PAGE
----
Ole Miss again named among nation’s best universities to work for
By Michael Newsom
University of Mississippi
University of Mississippi employees enjoy a strong work-life balance, have confidence in senior leadership and feel appreciated. Those glowing job satisfaction reports have led the Chronicle of Higher Education to name UM a “Great College to Work For” for the ninth time.
The university has made the list, which was released Monday, nine of the 10 years it has existed. Ole Miss was not only on the list, but it also was recognized for the second year in a row in the Chronicle’s 2017 Great Colleges Honor Roll, an award given to only 10 universities with an enrollment of more than 10,000 students.
It’s rewarding for the university to receive this award for nine straight years because it recognizes the respectful and supportive atmosphere that emanates across all UM campuses, Chancellor Jeffrey Vitter said.
“Our people are our greatest asset,” Vitter said. “Our faculty, staff and administrators are deeply invested in our university and are responsible for our outstanding campus culture of genuine caring for each individual. They continue to make our vibrant work and learning environments ever greater.”
The Chronicle is a major source of news and information for college and university faculty members and administrators. Online, the Chronicle is published every weekday.
The Great Colleges to Work For recognition is based on thousands of surveys anonymously filled out by higher education employees across the country.
It’s a great honor for the university to be named to the Chronicle list yet again, said Clay Jones, assistant vice chancellor for administration and human resources.
“Receiving this acknowledgment multiple years in a row indicates the dedication we have in ensuring our workplace is one of integrity, inclusiveness and fairness,” Jones said. “We take great pride in doing the best we can with the resources we have to ensure our workplace is, in fact, a great place to work.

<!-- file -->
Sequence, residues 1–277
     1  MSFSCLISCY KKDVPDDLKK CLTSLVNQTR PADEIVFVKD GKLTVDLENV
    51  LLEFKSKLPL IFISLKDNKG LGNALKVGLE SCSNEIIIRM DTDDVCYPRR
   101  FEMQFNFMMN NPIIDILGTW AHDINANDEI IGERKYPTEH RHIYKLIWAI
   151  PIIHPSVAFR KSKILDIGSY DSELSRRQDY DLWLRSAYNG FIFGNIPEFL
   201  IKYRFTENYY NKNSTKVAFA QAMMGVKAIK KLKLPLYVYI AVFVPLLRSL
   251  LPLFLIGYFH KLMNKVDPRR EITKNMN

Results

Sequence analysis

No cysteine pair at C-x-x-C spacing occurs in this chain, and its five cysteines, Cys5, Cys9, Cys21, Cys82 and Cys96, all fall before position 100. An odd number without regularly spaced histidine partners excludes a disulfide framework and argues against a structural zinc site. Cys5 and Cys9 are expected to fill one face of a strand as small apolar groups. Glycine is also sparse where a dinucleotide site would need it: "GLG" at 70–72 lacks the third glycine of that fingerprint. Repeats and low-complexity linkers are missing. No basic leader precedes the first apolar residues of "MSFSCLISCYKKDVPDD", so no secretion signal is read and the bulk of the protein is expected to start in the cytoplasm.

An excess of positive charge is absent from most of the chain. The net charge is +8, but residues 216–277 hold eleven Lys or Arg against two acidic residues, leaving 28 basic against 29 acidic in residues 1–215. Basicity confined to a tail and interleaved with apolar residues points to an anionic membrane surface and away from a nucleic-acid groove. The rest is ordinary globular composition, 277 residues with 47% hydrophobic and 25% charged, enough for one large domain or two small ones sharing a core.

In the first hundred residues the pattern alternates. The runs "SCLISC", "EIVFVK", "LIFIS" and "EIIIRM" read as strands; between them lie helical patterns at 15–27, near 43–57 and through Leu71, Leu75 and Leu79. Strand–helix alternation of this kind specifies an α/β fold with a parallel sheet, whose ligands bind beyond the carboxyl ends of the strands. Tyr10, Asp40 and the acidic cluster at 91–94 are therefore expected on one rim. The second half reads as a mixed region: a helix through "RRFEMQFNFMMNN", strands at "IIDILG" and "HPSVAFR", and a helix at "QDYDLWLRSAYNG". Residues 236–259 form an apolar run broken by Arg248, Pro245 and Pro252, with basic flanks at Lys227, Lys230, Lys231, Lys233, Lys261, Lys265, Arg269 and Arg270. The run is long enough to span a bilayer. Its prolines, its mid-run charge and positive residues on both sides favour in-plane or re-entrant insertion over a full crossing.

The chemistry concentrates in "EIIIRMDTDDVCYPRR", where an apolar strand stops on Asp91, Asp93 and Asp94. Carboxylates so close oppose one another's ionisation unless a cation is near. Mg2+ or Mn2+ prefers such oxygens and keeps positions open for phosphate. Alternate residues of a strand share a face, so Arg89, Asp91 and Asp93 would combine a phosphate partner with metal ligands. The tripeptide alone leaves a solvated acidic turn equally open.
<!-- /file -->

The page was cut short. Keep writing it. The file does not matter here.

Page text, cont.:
“Our faculty and staff are committed to maintaining the levels of excellence we have achieved, and the recognition proves these efforts are getting results.”
More than 250 UM employees answered the questionnaire earlier this year. Their responses revealed they enjoy collaborative governance, have high confidence in senior leadership, work on a diverse campus, have high job satisfaction and have professional career development opportunities. They also feel respected and appreciated.
Workers report good relationships with their supervisors and department chairs. They also tout the positive work-life balance at Ole Miss.
The perennial ranking on the Chronicle’s list builds on the university’s sterling reputation as a great place to work. In 2015 and 2016, UM was named one of Mississippi’s Healthiest Workplaces by the Mississippi Business Journal, the Mississippi Business Group on Health and the Mississippi Department of Health.
The university has policies that allow employees to take two 20-minute breaks during the day to walk around campus, which research has shown improves overall employee morale and productivity.
Ole Miss also has developed RebelWell, which offers a wide range of opportunities to become educated about living a healthy lifestyle and also offers group fitness classes, cooking demonstrations and nutrition counseling, among other services for employees. The university was also recognized for offering employees many professional development opportunities.
Andrea M. Jekabsons, associate director of human resources, said in addition to recognition for job satisfaction and work-life balance, she’s appreciative of the Chronicle honoring UM’s professional and career development programs.
Those programs have many benefits to employees.
“It’s rewarding to work with employees who are growth-minded and interested in all areas of wellness,” Jekabsons said. “We also continue to support our employees’ professional development efforts and interests, by offering further education benefits, salary increases for those who obtain either an applicable certificate, license or degree and LEAD, which is our employee leadership series.”
Will Norton Jr., professor and dean of the Meek School of Journalism and New Media at the University of Mississippi,... read more